Mindy Kiepke’s Cancer-Coping Tips for Kids

Breast Cancer, Daily Health Solutions, Featured Article, Healthy Living, Women's Health
on December 1, 2011
Julia Vandenoever Mindy Kiepke with two of her five daughters

We asked Spry’s Most Inspiring Mother award winner Mindy Kiepke to offer tips for helping kids navigate a parent’s cancer diagnosis. After all, Mindy had five young daughters when she faced breast cancer. Here are her suggestions for making a difficult situation a little bit easier for the whole family.

Share the facts. Wait until you know your exact prognosis before sharing it with your children. They will have enough to worry about once they get all the facts. When you do have a good handle on what you're facing, be honest with your children. They will know something is going on and they will find comfort in knowing they are a part of "the loop." 

Give them a voice. Be sensitive to your child's needs in experiencing your treatment and surgeries. Some children will feel more secure being by your side as much as possible and helping with your care, while others will feel uncomfortable with this. Be upfront and include them in the decision of where they'll be most comfortable. With my five children, they each responded differently and were given the option of where they wanted to be when I was getting treatment.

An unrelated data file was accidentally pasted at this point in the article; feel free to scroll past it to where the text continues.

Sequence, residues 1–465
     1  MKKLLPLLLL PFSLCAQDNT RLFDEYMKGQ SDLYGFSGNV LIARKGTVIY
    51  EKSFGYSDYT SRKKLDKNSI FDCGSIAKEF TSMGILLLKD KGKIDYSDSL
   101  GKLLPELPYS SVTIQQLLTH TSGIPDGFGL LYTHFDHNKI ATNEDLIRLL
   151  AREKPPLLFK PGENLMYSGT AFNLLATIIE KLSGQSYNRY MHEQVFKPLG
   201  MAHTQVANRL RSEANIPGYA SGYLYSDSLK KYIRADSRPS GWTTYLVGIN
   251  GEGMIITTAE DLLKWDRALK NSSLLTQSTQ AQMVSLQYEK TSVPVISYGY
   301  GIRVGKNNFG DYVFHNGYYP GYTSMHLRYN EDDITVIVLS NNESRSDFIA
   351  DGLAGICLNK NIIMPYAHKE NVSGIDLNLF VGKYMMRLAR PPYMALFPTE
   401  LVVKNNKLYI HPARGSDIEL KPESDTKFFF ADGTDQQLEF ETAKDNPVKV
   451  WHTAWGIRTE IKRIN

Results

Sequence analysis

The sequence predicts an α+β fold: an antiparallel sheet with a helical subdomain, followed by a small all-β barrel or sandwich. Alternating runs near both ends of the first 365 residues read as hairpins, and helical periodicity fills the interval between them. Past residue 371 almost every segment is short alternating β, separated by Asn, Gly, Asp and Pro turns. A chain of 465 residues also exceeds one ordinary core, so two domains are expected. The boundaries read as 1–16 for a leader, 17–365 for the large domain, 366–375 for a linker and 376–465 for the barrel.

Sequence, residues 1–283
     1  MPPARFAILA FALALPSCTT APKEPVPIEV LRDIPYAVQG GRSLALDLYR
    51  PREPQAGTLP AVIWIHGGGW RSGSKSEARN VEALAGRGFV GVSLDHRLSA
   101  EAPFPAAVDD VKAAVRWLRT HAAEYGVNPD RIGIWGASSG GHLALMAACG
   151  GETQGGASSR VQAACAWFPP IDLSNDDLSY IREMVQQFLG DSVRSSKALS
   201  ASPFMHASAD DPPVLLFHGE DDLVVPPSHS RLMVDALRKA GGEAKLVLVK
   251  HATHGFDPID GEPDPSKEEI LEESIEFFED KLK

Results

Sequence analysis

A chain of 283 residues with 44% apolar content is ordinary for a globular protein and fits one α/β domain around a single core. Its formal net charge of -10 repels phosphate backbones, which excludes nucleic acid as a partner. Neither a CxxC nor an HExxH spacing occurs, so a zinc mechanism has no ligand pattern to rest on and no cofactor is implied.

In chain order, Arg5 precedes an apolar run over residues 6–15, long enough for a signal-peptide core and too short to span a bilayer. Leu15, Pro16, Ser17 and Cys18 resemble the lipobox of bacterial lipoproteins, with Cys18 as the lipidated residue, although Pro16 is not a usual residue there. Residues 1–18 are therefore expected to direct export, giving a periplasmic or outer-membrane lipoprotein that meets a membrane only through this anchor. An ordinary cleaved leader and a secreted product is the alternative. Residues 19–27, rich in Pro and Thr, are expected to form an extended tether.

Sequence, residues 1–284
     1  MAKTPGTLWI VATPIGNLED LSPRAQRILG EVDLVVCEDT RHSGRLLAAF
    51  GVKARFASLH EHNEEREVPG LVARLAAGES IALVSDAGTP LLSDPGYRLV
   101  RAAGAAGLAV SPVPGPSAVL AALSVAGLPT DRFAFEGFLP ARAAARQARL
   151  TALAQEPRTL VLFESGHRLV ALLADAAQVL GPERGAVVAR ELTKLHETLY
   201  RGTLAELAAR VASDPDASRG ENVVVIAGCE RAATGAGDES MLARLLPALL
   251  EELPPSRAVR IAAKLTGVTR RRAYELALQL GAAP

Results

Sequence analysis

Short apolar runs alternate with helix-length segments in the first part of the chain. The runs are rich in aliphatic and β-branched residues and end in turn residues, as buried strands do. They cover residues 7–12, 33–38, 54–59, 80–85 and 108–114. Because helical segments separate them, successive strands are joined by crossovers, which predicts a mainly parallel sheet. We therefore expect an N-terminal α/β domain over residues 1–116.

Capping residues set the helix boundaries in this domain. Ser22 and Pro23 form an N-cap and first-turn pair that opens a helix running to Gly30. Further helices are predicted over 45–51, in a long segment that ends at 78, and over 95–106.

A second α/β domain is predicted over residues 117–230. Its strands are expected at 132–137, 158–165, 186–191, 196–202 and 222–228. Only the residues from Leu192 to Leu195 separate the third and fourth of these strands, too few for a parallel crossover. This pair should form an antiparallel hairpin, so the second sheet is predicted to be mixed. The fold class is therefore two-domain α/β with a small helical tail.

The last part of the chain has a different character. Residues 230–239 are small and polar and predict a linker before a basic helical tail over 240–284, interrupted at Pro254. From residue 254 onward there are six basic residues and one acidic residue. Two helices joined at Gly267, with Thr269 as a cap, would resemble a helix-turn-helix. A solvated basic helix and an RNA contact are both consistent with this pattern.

Stay normal. Do your best to maintain your kids’ normal routines. This will most likely require outside help as you will be laid up, so be willing to ask for that help. People want to give it, and your kids will need it! It will help their emotional stability to keep as much of their lives predictable when this area can feel so out of control. 

Ask the important questions. Regularly ask how your child feels about your cancer. Kids often stuff their emotions during times of crises, and they will need opportunities to talk and process what is going on. It is also helpful to ask a significant adult — someone outside of the family, like an friend or teacher — to help keep emotionally connected with your child during your treatment. Having a support system in place for your kids is hugely helpful. Many times children feel they are able to let down more with those not directly involved in the crisis. 

Make the moments count! Look at this time as an opportunity to really connect with your kids and spend quality time with them. Experiences like this strip all of our hearts of the daily life distractions and allow us to focus on what really matters. Although such an intensely difficult time, our family made some of our best memories of relational closeness during our “cancer year.